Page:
A few weeks ago, I read this excellent book. The first couple of chapters, though, were pure torture, and not for the reasons you might think. The eerie coincidences between the first chapter of this book, Birthmarked, and the first chapter of my own manuscript were so similar it was sickening. (To read my review, click here.)
After I got over my nausea, I really got into the story. Caragh O’Brien has crafted an excellent tale, and in the interview below, she’ll tell us a little about it, and a little about her writing in general.
Interview with Caragh M. O’Brien March 3, 2011
BH: We have a really exciting sequel to look forward to in November, but in the meantime, can you tell us a little bit about Birthmarked here (for those in our audience who haven’t already read my review)?
COB: Sure. Let me first say thanks, Beth, for inviting me by. Your review made me laugh so much when I first read it. I was completely drawn to your honesty and the awful coincidences between our books. Birthmarked is the story of Gaia, a teen midwife who is compelled to “advance” babies into a privileged society within a walled city. In a dystopian future after climate change, Gaia’s society is divided by the wall into haves and have-nots. Justice is uncompromising, and Gaia spends much of the book trying to save her parents from the Enclave. It’s a pretty dark, twisted, fun book.
BH: Tell us a little about your path to publication.
COB: Starting when? Ha. The short version is that I wrote a lot, quit to become a teacher, started writing again because I couldn’t help it, and then wrote Birthmarked while I was on a leave of absence from teaching. I sent out forty-five email queries to agents, received four offers of representation, and ended up with Kirby Kim of William Morris Endeavor. He sent out the book, and a month later we had three offers. The best was a three-book deal with Nancy Mercado at Roaring Brook, and I was delighted.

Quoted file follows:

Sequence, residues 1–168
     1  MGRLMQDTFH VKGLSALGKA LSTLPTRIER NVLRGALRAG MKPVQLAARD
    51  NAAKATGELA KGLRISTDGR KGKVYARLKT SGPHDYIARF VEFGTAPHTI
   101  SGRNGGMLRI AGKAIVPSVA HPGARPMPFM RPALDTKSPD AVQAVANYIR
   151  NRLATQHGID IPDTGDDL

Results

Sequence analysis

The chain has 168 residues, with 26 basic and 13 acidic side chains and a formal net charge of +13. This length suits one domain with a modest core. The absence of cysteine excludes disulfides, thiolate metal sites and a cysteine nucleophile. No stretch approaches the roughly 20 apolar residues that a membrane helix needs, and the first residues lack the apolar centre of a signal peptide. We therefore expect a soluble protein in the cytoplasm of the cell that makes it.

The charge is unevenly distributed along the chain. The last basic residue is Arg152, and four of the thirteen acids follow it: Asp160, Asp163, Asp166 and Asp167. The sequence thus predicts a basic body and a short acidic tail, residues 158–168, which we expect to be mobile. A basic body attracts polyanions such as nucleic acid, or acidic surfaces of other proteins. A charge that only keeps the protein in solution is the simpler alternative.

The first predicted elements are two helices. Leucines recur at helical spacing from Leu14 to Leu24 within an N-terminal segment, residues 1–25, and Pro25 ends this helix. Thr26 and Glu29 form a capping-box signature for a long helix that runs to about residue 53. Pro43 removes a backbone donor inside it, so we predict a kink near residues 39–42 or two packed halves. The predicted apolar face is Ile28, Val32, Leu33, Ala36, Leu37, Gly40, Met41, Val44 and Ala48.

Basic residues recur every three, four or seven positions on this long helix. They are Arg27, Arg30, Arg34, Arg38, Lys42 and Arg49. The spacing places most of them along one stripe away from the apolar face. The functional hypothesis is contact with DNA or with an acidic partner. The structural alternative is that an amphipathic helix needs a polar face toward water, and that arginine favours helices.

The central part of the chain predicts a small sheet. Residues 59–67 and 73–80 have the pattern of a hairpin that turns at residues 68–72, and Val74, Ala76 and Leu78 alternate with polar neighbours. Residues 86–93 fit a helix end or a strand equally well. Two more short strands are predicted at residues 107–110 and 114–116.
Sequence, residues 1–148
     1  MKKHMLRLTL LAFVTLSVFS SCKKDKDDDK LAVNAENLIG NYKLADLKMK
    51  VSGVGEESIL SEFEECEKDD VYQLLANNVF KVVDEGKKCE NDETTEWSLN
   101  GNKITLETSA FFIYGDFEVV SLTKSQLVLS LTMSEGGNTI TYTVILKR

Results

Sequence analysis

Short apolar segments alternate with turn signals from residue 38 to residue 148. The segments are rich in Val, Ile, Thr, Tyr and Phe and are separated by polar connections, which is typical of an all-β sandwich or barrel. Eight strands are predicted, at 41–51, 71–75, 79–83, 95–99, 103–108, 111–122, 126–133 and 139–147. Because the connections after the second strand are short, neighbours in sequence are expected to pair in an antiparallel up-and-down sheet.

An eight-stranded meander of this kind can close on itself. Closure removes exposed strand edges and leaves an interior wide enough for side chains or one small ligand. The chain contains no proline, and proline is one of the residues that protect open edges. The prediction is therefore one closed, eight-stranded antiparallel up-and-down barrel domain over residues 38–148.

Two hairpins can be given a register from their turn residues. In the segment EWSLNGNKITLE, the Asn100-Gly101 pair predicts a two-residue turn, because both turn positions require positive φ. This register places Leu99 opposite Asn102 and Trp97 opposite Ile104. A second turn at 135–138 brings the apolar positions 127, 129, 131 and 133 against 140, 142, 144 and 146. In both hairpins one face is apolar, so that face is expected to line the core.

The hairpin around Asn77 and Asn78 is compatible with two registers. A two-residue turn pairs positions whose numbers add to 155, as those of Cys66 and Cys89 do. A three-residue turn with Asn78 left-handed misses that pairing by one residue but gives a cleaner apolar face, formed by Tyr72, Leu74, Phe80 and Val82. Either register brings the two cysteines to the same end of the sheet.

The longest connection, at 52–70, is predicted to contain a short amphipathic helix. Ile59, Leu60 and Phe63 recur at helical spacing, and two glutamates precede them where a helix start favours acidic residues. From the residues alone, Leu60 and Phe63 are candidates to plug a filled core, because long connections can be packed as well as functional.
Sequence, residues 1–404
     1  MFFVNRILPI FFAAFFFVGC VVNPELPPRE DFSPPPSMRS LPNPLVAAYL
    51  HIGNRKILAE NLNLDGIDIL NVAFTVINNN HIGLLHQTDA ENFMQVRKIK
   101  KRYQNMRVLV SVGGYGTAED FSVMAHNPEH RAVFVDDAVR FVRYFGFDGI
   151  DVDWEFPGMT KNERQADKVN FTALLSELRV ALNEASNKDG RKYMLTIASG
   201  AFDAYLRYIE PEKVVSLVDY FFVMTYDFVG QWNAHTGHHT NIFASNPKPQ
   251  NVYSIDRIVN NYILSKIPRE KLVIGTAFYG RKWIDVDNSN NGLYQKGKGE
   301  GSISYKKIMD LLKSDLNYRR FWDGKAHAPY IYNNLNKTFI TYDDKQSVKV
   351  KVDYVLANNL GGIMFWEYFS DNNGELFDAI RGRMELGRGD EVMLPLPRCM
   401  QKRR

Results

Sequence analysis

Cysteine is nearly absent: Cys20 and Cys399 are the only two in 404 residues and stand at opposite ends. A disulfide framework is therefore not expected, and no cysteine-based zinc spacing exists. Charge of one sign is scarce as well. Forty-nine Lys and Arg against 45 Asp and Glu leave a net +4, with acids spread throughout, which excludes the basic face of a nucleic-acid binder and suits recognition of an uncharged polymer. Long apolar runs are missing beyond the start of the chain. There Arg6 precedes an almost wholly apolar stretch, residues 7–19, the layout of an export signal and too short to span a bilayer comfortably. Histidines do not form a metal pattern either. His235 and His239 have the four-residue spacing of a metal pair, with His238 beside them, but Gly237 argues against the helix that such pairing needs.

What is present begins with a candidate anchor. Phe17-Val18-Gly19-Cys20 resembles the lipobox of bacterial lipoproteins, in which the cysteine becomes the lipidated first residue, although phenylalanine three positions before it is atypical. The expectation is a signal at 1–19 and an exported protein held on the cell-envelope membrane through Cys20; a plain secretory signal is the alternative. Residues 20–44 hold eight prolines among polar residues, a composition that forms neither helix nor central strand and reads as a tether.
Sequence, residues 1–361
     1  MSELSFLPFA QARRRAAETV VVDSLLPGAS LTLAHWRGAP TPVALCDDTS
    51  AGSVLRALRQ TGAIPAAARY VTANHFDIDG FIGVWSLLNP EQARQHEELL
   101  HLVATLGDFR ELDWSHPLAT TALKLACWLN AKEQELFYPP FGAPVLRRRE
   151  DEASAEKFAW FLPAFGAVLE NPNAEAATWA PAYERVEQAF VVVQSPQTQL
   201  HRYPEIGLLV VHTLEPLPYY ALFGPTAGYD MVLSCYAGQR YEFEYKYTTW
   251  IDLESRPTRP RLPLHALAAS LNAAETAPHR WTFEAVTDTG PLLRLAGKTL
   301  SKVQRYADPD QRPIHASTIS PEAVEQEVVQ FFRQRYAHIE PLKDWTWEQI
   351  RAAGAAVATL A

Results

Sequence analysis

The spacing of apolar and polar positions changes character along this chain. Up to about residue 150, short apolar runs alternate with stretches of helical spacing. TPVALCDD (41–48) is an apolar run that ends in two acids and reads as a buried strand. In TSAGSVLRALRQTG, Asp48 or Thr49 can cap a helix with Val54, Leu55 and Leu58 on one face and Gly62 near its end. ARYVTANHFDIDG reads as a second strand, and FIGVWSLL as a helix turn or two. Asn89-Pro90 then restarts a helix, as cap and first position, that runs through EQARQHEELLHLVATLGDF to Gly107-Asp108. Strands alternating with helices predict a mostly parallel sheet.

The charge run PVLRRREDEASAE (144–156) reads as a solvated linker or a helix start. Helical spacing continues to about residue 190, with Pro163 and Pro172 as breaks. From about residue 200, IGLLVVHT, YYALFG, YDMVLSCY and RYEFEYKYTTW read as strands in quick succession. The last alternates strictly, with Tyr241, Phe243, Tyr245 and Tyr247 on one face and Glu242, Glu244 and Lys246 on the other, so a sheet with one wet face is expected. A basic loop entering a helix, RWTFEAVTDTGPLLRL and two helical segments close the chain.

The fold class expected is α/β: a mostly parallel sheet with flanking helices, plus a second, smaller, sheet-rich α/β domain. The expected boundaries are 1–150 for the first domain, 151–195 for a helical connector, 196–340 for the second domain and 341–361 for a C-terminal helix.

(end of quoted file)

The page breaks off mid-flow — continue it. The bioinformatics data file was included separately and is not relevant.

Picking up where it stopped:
BH: When you wrote Birthmarked, did you plan to create a series?
COB: No. I thought Birthmarked was a stand-alone. When Nan offered me a three-book deal, I discovered it was a trilogy.
BH: Your blog post about Birthmarked being translated and published in Spain is truly inspiring (click here to read it)—even more amazing is that you got to meet Eva Rubio, the woman whose blog and Facebook page started the fire. What can other writers learn from your experience here?
COB: It was such an unusual situation, and I was so fortunate to meet Eva and her friends in Salamanca. It isn’t the sort of thing I could have ever prepared for. I suppose it helped that I sometimes do a Google search for my book, and when reviews turn up in other languages, I’m willing to push that translate button to see what’s there. As you know, I’ll sometimes write to express my thanks to a blogger who posts an outstanding review, and that follows for overseas bloggers, too. I am genuinely grateful for the kind reviews Birthmarked has received.
BH: What other project ideas do you hope to pursue after the Birthmarked series is finished? (Um, not too many details please…although, what are the chances we’d have another duplicate Agnes birth scene?)
COB: We are doomed to write identical books no matter what we do, Beth. I’m pondering three different ideas, all YA, but they’re inchoate at this stage. I need to finish up a solid draft of Book 3 before I can let my mind go play in a new place.
BH: What does your workspace look like?
COB: I have a MacBook on my lap. Sometimes I sit on the plaid couch in the library where I can see the gerbils, and sometimes I sit on the brown couch in the living room where I can see the slope of the yard.
BH: What is your favorite book on the craft of writing?
COB: I learned from Janet Burroway’s Writing Fiction: A Guide to Narrative Craft. Other than that, I read a lot of fiction so really everything is a lesson in craft.
BH: What is the best writing advice anyone has given you?
COB: I’ve been thinking about this lately, actually. The most important writing advice I received was from Ed Epping, an Art teacher at Williams college, when he told me “Paint only what is interesting to you.” It freed me. It redefined what art was supposed to be. I never again had to waste time on what I thought was unimportant, or if I did, I understood it was an assignment for someone else, not for me. I can still do boring work for others if I must, but there’s no room for it in my own writing, ever. On a practical writing level, this means I skip any sentence, paragraph, scene or book that doesn’t interest me.
Thanks again, Beth, for having me by, and good luck with your own writing.
BH: Caragh, thanks for visiting, and for laughing at the sad coincidences between our books. Now that I’m not throwing up about it anymore, I can laugh with you!